Boarding Houses

Junior Boarding Houses

The houses for younger boarders at the Dragon are a particular feature of the school. Children coming to board in the junior years will spend up to six terms living in one of these typical North Oxford family houses close to the main school buildings. Each house is home not only to the Dragon children but also to the houseparents, who usually have children of their own. A gap-year matron and team of non-resident staff ensure the smooth running of the house and provide further warm, friendly support to the children.

There is one junior girls' and two junior boys' houses. Each, with its 18 to 20 children, becomes very much a home to the younger boarders; the house is their main base at school and they return throughout the day. Mid-morning and mid-afternoon snacks happen in the houses and day children frequently join boarder friends for break time.

Bedrooms are cosy rooms shared with a small group of friends. Duvet covers, toys, photos and posters all contribute to the personal, 'home from home' atmosphere. Each house has space for play, quiet relaxation and for sharing TV and DVD viewing.

Senior Boarding Houses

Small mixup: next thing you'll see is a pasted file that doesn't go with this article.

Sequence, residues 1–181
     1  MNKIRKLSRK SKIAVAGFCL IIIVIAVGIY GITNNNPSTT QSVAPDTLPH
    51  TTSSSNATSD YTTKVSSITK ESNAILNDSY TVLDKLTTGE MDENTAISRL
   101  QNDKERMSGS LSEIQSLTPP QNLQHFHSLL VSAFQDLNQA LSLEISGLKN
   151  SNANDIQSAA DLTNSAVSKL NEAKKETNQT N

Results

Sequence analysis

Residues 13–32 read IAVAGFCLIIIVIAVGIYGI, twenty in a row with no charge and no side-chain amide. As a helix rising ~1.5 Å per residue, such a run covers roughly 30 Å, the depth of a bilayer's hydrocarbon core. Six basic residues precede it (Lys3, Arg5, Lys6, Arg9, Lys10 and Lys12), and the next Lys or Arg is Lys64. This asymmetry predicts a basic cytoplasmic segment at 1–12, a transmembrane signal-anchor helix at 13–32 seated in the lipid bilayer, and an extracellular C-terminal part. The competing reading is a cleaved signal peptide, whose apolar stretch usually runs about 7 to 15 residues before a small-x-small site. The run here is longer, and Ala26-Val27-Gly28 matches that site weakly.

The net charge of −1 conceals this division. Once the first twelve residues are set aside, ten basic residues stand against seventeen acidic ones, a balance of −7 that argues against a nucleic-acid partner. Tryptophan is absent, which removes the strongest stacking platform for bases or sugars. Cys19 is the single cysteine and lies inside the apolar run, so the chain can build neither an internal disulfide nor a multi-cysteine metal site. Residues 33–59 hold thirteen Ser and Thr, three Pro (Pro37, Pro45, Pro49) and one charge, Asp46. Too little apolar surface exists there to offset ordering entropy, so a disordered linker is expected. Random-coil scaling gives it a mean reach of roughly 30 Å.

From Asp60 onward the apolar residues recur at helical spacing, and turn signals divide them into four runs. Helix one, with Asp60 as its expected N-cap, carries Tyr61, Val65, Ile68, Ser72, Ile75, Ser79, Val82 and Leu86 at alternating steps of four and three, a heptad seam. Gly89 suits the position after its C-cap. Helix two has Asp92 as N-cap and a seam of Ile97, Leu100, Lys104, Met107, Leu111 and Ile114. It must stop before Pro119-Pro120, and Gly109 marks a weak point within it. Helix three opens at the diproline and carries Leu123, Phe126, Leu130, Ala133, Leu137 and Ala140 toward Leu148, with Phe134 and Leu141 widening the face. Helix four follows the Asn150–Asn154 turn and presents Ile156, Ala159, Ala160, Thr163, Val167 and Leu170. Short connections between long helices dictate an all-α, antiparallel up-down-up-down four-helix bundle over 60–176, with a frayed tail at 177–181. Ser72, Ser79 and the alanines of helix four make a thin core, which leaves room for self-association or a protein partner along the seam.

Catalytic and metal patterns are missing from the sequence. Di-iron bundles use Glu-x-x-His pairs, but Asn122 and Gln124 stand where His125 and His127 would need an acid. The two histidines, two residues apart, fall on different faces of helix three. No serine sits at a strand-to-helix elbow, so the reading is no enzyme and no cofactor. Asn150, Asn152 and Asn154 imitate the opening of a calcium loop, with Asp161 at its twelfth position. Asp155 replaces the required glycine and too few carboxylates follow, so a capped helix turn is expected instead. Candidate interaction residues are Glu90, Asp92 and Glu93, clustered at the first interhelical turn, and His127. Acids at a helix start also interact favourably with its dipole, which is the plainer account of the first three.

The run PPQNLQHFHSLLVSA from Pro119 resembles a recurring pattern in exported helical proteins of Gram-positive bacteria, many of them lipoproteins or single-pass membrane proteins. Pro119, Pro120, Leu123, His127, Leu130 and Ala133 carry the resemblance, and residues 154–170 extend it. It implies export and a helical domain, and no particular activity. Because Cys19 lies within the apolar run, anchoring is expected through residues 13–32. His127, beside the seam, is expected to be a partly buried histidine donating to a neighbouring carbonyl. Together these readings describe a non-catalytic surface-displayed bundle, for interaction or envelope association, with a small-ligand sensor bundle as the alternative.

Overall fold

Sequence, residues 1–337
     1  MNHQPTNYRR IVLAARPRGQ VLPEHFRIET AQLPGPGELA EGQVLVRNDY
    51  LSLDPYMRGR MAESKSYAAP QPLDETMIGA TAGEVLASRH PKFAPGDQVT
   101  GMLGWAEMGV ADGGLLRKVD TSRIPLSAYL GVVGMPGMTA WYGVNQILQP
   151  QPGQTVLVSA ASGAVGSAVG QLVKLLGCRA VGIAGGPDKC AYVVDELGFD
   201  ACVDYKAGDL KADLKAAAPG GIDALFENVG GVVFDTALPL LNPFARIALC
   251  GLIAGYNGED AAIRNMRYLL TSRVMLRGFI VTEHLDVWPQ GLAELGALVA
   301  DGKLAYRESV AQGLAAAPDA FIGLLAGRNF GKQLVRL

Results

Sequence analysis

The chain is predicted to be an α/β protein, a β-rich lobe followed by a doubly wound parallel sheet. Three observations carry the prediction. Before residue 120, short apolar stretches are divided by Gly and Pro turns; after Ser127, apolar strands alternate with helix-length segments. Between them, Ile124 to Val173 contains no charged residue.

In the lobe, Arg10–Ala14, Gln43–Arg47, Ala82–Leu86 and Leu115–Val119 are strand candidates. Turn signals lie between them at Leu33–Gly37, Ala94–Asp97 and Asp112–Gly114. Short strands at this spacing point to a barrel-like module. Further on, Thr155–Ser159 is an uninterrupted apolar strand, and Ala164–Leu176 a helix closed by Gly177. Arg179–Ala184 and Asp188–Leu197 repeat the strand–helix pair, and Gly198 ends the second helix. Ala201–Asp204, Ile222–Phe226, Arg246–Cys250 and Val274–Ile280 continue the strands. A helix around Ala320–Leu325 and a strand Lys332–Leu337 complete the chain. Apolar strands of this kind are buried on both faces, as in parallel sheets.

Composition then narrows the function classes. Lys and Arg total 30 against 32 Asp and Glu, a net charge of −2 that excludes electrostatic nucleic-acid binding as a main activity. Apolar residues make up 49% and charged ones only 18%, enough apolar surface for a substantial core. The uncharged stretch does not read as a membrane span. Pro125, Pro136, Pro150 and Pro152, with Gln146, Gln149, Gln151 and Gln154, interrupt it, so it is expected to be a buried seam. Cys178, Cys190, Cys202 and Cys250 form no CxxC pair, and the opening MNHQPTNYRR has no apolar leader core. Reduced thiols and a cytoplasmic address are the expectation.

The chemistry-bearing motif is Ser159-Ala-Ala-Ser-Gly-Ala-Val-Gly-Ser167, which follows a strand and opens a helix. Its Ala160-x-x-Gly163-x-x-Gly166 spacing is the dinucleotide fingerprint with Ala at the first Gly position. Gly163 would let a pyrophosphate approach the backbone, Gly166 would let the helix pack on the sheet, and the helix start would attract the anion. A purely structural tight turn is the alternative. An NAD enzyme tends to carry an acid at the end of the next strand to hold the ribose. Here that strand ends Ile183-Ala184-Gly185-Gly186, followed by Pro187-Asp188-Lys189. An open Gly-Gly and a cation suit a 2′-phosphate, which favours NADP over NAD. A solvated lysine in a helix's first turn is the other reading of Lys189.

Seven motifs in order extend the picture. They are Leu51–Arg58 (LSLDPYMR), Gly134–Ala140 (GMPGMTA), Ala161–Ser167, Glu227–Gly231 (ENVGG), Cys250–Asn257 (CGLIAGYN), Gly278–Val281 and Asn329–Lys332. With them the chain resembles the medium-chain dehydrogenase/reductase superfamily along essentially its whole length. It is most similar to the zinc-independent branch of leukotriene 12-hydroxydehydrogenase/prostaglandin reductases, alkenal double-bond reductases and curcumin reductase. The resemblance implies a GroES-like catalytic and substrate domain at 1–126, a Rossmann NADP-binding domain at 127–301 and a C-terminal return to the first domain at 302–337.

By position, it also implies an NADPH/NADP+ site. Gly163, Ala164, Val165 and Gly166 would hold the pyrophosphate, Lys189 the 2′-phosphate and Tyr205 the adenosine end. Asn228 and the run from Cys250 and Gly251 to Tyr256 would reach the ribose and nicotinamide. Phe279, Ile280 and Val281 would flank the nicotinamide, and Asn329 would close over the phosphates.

At the Dragon, we have different houses for different age-groups. Boys and girls move to new houses for Year 6 before joining a senior house for Years 7 and 8. This system has numerous practical advantages as it enables the school to provide appropriate surroundings and levels of independence to each age group. It also means that by their final two years, Dragon boarders are all in larger houses to give them an excellent preparation for life at the senior schools.

Keeping in touch

Children who board at the Dragon are in frequent and easy touch with their families at home. With email, phone and traditional letters they maintain regular communication - though as they are busy and having fun they sometimes have to be prompted! The houseparents, who are the main link between school and home, are in regular contact with the children throughout the day. Especially sensitive to the needs of younger and first-time boarders, houseparents are also in frequent contact with boarders' parents.

“Boarders’ parents are very much encouraged to be involved with the school and boarders are able to contact their parents by email, letter and telephone. The school also sends out a weekly newsletter, called DragonNews, to parents. One parent wrote, ‘Channels of communication are exceptional. It is very easy to get hold of house parents and/or your child.’” Ofsted Inspection Report, 2011
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